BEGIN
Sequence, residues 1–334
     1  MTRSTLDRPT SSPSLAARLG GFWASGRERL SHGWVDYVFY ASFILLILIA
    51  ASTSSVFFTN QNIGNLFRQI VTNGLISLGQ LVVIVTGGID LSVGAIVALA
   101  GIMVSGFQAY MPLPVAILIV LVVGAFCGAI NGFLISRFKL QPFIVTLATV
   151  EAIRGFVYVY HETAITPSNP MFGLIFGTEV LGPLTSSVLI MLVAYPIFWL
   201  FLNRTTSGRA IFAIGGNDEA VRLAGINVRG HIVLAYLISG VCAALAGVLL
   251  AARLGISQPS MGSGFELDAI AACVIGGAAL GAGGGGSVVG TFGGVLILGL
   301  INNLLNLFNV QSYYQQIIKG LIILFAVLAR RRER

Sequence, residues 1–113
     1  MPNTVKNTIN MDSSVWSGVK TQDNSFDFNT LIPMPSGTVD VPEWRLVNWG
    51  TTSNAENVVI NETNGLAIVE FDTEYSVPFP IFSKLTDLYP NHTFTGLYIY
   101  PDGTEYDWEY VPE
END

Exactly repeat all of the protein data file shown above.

Sequence, residues 1–334
     1  MTRSTLDRPT SSPSLAARLG GFWASGRERL SHGWVDYVFY ASFILLILIA
    51  ASTSSVFFTN QNIGNLFRQI VTNGLISLGQ LVVIVTGGID LSVGAIVALA
   101  GIMVSGFQAY MPLPVAILIV LVVGAFCGAI NGFLISRFKL QPFIVTLATV
   151  EAIRGFVYVY HETAITPSNP MFGLIFGTEV LGPLTSSVLI MLVAYPIFWL
   201  FLNRTTSGRA IFAIGGNDEA VRLAGINVRG HIVLAYLISG VCAALAGVLL
   251  AARLGISQPS MGSGFELDAI AACVIGGAAL GAGGGGSVVG TFGGVLILGL
   301  INNLLNLFNV QSYYQQIIKG LIILFAVLAR RRER

Sequence, residues 1–113
     1  MPNTVKNTIN MDSSVWSGVK TQDNSFDFNT LIPMPSGTVD VPEWRLVNWG
    51  TTSNAENVVI NETNGLAIVE FDTEYSVPFP IFSKLTDLYP NHTFTGLYIY
   101  PDGTEYDWEY VPE